Yesterday I ticked off a bucket list item and went fishing off a boat for the first time ever… with a hangover (the hangover wasn’t for the first time, that just rocks around to remind me that it’s Sunday). The morning had begun foetal positioned on the floor, cocooned in blankets and a tumbleweed desert scratching in my mouth. This was the result of afternoon celebratory ciders, kapowed with Jager shots and consequently letting my flatmate’s tambourine out loose on the dance floor.*
So Sunday was looking up when talk of fishing was bandied about. I chimed in with slurred words like ‘on my bucket list’. A 30 minute scheduled leave time was given and I got up out of my sorry-for-myself-sack way too fast. Movement at that stage was minimal and undesirable. But by the time I had showered and layered up with stripy long johns paired with zip off pants, an over-sized jacket and decomposing gumboots, I was ready to roll with my flatmate and her bf.
It really was a perfectly awesome winter’s day; the sun shining, the crisp air breathing life into me. When we pulled up at the marina A Friendly Little Octopus Named Augustus waved at us from the rocks. I slunk onto the boat where bf’s friend and 2 ½ year old daughter welcomed us aboard. It was her first ever boat fishing trip too and she had a new rod named Pinky, for the occasion.
The motor purred out on the thank goodness it was calm ocean. I wasn’t prepared for first boat fishing trip to be accompanied by first boat overboard chuck. The fish finder said let’s stop here for a while. The pint-sized fishergirl (FG) pulled out Pinky and cast. We sat around with rods in hand, lulled by the gentle rocking. FG got the first bite and reeled in a snapper. A little sucker, but still, FG at less than 3 years old had impressively caught her first fish. She said “Thank you” and waved it goodbye as her father let it loose into its homesea.
Our next spot was set and the birley bomb anchored. I went up the front of the boat and started casting, while my flatmate sat motionless, eyelids heavy. I started casting towards two shining kahawai. Turns out that Pinky had yielded a two for one deal and FG reeled those two in. The rest of the crew had still yet to receive any bites, the fish must’ve sensed an after alcohol atmosphere.
The snapper became rampant after I had said that we’d hit a quiet patch; the boys were pulling them in like they were picking flowers. I cast and a particle of salmon fish guts decided to land on my bottom lip. I shrieked and nearly swallowed the particle. Then I wiped it off with my jumper that was covered in micro particles of fish by association. I think I can now call myself Wild Fisherwoman.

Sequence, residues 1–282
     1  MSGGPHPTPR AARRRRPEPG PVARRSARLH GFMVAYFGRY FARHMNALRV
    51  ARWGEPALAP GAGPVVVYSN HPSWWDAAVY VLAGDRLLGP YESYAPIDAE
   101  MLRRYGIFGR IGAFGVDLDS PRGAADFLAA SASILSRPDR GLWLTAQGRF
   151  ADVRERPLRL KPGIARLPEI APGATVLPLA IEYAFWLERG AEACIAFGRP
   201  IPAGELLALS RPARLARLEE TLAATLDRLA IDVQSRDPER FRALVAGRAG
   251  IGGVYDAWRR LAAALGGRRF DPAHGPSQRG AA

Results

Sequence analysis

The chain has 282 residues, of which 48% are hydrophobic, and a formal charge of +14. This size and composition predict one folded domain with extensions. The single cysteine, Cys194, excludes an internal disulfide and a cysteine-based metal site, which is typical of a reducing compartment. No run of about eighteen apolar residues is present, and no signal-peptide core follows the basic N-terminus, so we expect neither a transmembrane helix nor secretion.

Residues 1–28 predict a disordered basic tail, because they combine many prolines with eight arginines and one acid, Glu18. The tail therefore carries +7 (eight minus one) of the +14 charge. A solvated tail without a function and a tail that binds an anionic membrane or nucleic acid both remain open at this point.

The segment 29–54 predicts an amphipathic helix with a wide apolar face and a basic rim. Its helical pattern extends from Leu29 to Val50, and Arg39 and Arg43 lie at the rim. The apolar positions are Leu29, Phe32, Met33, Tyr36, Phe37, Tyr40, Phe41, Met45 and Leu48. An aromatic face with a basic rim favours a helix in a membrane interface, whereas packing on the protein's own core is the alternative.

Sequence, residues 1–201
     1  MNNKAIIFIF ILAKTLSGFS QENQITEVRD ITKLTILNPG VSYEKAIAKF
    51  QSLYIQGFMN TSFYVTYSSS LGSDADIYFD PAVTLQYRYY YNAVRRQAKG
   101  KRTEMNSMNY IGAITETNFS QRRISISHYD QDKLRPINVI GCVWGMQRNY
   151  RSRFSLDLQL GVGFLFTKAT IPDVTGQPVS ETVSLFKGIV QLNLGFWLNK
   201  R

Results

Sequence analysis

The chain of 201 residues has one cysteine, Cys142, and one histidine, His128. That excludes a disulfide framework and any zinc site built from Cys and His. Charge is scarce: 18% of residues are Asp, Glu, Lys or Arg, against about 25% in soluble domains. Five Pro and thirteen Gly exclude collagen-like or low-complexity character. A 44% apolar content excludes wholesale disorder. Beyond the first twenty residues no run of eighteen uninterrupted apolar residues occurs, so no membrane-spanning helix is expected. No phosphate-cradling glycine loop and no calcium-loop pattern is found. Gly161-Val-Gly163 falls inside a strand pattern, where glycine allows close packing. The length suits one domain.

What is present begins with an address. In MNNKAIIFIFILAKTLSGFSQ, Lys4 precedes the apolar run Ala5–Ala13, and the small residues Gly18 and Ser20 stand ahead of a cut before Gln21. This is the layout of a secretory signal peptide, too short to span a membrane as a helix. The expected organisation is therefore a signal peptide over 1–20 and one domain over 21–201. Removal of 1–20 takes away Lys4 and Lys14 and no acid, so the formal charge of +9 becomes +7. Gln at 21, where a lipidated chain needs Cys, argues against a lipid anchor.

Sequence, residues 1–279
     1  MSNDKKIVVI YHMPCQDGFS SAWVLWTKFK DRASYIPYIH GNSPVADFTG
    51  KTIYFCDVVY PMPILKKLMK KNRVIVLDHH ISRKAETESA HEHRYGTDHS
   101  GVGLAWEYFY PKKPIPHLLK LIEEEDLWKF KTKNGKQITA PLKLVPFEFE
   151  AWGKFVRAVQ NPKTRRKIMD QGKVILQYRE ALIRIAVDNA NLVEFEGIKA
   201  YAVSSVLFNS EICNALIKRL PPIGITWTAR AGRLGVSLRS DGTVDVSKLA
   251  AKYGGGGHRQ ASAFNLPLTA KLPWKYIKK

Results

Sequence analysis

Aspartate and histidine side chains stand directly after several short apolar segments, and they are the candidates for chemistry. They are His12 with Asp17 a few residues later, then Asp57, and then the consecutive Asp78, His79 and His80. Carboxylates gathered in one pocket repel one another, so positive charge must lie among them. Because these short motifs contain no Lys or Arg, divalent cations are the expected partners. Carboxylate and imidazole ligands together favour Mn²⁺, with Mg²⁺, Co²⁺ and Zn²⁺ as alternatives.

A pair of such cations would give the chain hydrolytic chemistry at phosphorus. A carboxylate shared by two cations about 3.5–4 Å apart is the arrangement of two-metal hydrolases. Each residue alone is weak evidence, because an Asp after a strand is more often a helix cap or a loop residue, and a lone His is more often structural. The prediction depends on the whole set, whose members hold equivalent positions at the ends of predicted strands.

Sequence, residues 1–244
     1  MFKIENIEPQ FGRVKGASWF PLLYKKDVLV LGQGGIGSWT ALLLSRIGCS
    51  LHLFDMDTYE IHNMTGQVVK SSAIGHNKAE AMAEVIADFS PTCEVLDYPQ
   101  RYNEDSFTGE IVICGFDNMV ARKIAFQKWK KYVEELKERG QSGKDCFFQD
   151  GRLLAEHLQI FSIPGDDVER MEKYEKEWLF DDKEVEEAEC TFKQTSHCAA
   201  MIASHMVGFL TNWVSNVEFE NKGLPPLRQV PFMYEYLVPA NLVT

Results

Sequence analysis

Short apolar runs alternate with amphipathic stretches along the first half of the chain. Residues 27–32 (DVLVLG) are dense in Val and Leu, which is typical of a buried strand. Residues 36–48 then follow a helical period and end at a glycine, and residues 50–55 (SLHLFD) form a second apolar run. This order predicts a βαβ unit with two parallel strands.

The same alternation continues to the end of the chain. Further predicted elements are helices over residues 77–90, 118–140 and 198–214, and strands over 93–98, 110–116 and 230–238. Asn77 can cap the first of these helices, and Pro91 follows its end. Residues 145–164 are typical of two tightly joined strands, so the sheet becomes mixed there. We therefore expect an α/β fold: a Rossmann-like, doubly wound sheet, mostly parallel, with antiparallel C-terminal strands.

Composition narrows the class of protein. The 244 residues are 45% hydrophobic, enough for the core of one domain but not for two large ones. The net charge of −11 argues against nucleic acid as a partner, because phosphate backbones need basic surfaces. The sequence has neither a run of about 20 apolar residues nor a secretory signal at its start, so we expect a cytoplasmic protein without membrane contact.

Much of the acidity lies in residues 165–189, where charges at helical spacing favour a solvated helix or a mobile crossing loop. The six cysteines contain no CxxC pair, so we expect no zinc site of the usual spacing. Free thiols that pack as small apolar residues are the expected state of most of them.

I got a bite. My state rendered a delayed freak-out response as I was still in fish gut lip disgust, but in came Skippy the under-sized snapper. We had our picture taken and Skippy went back to sea to tell its mates that it had met Wild Fisherwoman.
My random ‘have you ever caught anything weird?’ question was superseded by the bf’s rod doing a high-arch u-turn. The struggle was on to pull this fighter in as we waited curiously to see what had taken the bait. A long ribbon retracted, furiously whipping back from the boat and the net was summoned. Scooped up was a light coloured eel dripping in snot-goo and snapping away at the net with its gator-esque gnashers. We tried to release the ugly beast, but it decided that would boa constrictor itself through the holes in the net and make a not so tidy knot. We reckon it was an eel, but the idea of being a sea snake was thrown out there too. The beast was not so easy to release but after some help with the gaff, it was free to be creepy in the sea again.
Creepy sea creature signalled the end of boat fishing venture, as we cruised back to the shore. FG was tuckered out and snuggled in to have a power nap on my flatmate. I quietly awaited the anticipation of greasy treats while wishing I was 2 ½, because then I would have caught 3 fish and had a cuddly nap.
A hangover didn’t mar my boat fishing expedition. I’m completely hooked and now I am in search of a lucky pink fishing rod.
If I was this eel and could talk, I would’ve said “Sorry mate, I’m just a bit tied up.”
*Never underestimate the power of a tambourine in the wee hours of the morning at a pub. Not only can you shake it more than you’d shake a shakey thing, it is a man-magnet and people actually clap and cheer like you are holding the Olympic torch.